Interestingly, baseline levels of each of the CSF biomarkers predicted the longitudinal change in IP levels in both the MCI-MCI and MCI-AD groups (p’s <0.05), but not in the NL-NL group (p>0.05; see Table 4). The significant correlations ranged from r =.36 for T-tau in the MCI-MCI group to r = .72 for T-tau in the MCI-AD group. The longitudinal IP level change did not significantly correlate with the longitudinal changes in the other CSF measures (p’s>0.05).
4.4 APOE effects
In Analyses of Covariance examining APOE4 carrier status, diagnostic group and their interaction, the results showed significant genotype effects only for Aβ42/Aβ40. The diagnostic effects were the same as presented above and there was no interaction between APOE carrier status and diagnostic group. APOE4 carriers showed lower levels of Aβ42/Aβ40 as compared with non-carriers at both baseline (F(1,77)=12.7, p<0.01) and follow-up (F(1,69)=10.4, p<0.01) but not longitudinally (see Figure 2). Exploratory analyses showed that the difference in Aβ42/Aβ40 levels between carriers and non-carriers reached statistical significance in the MCI-MCI group at both time points (baseline: F(1,36)=16.6, p<0.01: follow-up: F(1,28)=5.2, p<0.05) and in the MCI-AD group at follow-up (F(1,17)=8.7, p<0.01).
Figure 2
Figure 2
Mean ±SEM baseline values for the Aβ42/Aβ40 ratio in E4 carriers and non-carriers by diagnostic group.
This 2-year longitudinal study examined five commonly used CSF biomarkers for AD in a study of healthy controls, stable MCI and MCI patients who progressed to AD. There were three main findings. First, at baseline and at follow-up, all the CSF biomarkers separated declining MCI patients from stable MCI and normal controls. Second, all biomarkers were statistically significant predictors of the decline from MCI to AD with P-tau231 and T-tau the strongest univariate predictors. Third, only IP demonstrated longitudinal effects.
At baseline, all CSF measures accurately separated MCI subjects who later declined to AD from stable MCI subjects and from NL-NL. MCI-AD patients had higher CSF concentrations of P-tau231, T-tau, IP, P-tau231/Aβ42/40 and T-tau/Aβ42/40 ratios as well as lower Aβ42/Aβ40 measures as compared to either stable MCI or to normal elderly controls. This finding is in agreement with previous findings [2, 6, 9, 12, 22]. Our results confirm that before the onset of clinically overt AD, there are changes in the CSF biochemical composition that reflect AD pathology: neurofibrillary tangles, amyloid plaques [4, 36], and oxidative damage to neuronal cell membranes [30, 36].
Interestingly, IP was the only biomarker that showed longitudinal effects, such that IP levels increased over 2 years in association with MCI-AD conversion as compared to the same time interval for stable MCI and NL subjects. This finding is consistent with the results from smaller samples of MCI patients previously published by our group showing that longitudinal IP level provides diagnostic separation of MCI from healthy controls, and adds new evidence that longitudinal IP changes can be used to track the progression from MCI to AD [12, 13]. Since IP is a marker of membrane lipid peroxidation and inflammation, these data suggest that the increase of CSF IP levels in cognitively deteriorating patients reflects progressive neuronal oxidative stress and progression of neurodegenerative changes [35]. Although the cross-sectional baseline IP levels showed high correlation with P-tau231 and T-tau (r’s ~ .70), there was no correlation between longitudinal changes in these analytes. This finding suggests the unlikely summary that the processes of inflammation and neurodegeneration are not parallel. However, it remains of extreme interest to answer the question whether there is an order or staging effect, i.e. if oxidative stress precedes neurodegeneration or is merely a consequence of an already existing neurodegenerative process. The present 2 time point study of MCI patients is insufficient to answer this question. Possibly a study including normal subjects that experience longitudinal changes related to AD would reveal this sequence. It is also possible that other factors such as clearance of tau which is poorly understood and the dilution of a brain derived protein such as the tau molecule in the CSF has affected the sensitivity to measure brain progression effects [14]. As such, both additional groups and improved characterization of the physiology of tau are needed to understand the relationship to inflammation.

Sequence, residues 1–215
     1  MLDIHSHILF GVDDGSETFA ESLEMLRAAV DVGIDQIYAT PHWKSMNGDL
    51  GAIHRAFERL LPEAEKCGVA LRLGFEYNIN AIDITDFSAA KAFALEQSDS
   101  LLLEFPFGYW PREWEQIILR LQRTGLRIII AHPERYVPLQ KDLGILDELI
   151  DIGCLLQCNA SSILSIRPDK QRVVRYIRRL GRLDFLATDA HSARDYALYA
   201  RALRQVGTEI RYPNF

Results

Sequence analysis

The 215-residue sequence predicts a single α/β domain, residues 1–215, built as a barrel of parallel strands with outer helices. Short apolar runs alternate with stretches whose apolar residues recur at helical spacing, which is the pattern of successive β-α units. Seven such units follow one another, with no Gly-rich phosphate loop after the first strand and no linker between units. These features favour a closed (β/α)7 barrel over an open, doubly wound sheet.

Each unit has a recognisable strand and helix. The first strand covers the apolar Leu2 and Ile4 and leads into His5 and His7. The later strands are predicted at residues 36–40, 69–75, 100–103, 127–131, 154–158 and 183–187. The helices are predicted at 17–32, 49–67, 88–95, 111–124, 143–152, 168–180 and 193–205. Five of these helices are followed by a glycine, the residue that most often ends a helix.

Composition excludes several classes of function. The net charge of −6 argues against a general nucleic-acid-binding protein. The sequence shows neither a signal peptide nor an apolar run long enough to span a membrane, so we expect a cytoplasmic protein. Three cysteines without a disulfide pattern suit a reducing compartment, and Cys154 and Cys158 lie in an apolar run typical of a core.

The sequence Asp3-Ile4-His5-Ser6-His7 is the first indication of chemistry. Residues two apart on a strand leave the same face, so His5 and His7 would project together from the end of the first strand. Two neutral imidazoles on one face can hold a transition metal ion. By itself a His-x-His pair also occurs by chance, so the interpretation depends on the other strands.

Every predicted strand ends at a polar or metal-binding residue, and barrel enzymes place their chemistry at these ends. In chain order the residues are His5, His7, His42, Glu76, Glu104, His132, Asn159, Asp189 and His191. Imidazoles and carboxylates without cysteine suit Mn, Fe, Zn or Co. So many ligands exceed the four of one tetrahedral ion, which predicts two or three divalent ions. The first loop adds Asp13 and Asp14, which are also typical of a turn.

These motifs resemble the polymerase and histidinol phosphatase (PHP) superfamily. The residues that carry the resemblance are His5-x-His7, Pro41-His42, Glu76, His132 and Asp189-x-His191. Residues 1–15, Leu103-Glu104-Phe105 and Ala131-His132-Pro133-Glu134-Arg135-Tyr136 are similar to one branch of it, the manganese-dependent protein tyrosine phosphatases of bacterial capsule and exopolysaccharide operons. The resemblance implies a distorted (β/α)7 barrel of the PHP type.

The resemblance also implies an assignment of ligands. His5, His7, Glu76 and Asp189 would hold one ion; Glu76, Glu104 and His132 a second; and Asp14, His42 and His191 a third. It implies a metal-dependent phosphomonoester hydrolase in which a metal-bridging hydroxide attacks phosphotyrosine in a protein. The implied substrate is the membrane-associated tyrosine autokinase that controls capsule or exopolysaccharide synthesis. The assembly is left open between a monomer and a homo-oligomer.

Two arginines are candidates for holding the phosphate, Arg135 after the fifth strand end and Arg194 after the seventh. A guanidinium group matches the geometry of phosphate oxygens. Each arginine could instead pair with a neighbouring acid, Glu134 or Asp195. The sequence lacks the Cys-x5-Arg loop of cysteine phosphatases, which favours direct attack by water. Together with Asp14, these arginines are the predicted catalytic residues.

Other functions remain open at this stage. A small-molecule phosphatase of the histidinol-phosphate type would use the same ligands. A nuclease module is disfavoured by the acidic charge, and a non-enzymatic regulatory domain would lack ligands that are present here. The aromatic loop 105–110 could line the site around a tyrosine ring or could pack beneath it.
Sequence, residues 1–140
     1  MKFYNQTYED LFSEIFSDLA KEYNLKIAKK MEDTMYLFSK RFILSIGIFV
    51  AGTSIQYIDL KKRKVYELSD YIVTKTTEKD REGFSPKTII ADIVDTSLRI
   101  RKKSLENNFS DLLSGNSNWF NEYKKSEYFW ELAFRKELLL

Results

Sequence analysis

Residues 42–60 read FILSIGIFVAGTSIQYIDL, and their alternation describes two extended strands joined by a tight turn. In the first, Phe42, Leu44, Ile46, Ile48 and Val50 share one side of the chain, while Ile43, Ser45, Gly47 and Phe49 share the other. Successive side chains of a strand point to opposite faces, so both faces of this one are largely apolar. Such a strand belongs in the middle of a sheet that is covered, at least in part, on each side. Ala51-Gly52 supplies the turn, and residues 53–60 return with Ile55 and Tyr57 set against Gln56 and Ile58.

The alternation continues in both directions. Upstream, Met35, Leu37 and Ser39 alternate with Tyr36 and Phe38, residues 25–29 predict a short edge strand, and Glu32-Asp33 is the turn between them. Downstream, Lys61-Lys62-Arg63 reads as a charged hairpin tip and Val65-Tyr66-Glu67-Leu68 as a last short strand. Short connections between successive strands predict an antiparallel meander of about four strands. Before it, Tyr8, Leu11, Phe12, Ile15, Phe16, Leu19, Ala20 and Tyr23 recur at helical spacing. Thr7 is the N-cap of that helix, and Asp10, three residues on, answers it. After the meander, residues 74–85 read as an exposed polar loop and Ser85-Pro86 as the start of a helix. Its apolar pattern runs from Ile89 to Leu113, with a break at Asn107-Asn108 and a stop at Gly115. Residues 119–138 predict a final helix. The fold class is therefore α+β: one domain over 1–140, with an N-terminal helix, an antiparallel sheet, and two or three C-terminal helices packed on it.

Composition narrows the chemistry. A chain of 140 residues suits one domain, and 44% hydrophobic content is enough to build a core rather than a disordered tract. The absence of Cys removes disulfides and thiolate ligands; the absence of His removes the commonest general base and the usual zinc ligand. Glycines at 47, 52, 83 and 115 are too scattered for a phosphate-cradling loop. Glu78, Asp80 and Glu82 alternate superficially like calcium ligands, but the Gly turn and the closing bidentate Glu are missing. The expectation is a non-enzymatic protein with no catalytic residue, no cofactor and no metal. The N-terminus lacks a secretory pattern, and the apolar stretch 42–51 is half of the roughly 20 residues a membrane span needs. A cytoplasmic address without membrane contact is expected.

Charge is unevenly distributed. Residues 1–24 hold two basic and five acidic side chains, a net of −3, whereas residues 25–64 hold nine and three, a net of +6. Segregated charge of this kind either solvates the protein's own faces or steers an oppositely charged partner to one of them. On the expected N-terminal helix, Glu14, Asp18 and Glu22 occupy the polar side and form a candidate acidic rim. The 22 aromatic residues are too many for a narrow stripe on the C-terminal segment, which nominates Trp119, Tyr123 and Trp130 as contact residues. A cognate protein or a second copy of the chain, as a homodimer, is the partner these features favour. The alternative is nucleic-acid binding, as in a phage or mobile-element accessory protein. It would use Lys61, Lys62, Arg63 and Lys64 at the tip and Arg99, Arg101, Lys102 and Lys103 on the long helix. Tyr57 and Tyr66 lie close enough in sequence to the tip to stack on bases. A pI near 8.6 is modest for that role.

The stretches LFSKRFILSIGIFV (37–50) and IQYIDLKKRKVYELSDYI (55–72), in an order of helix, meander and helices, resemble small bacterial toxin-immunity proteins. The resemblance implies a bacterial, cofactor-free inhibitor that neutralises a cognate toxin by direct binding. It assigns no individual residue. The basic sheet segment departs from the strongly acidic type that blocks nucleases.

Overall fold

As recommended by the consensus report of the NIA Working Group on Biological Measures [11], an ideal diagnostic AD biomarker should have both sensitivity and specificity of at least 80% in separating AD from normal aging. We report that the prediction of decline with P-tau231 exceeds the recommended 80% threshold of sensitivity and specificity and, shows the highest specificity (80% recognition of non-declining MCI patients) among all biomarkers analyzed in the study. However, although our results show that only P-tau231 meets the criteria stated by the consensus group and provides highest sensitivity and specificity figures, its prediction accuracy was not statistically different from that of T-tau, T-tau/Aβ42/40 or P-tau231/Aβ42/40 ratios. However, larger samples may provide the statistical power to detect differences between these biomarkers.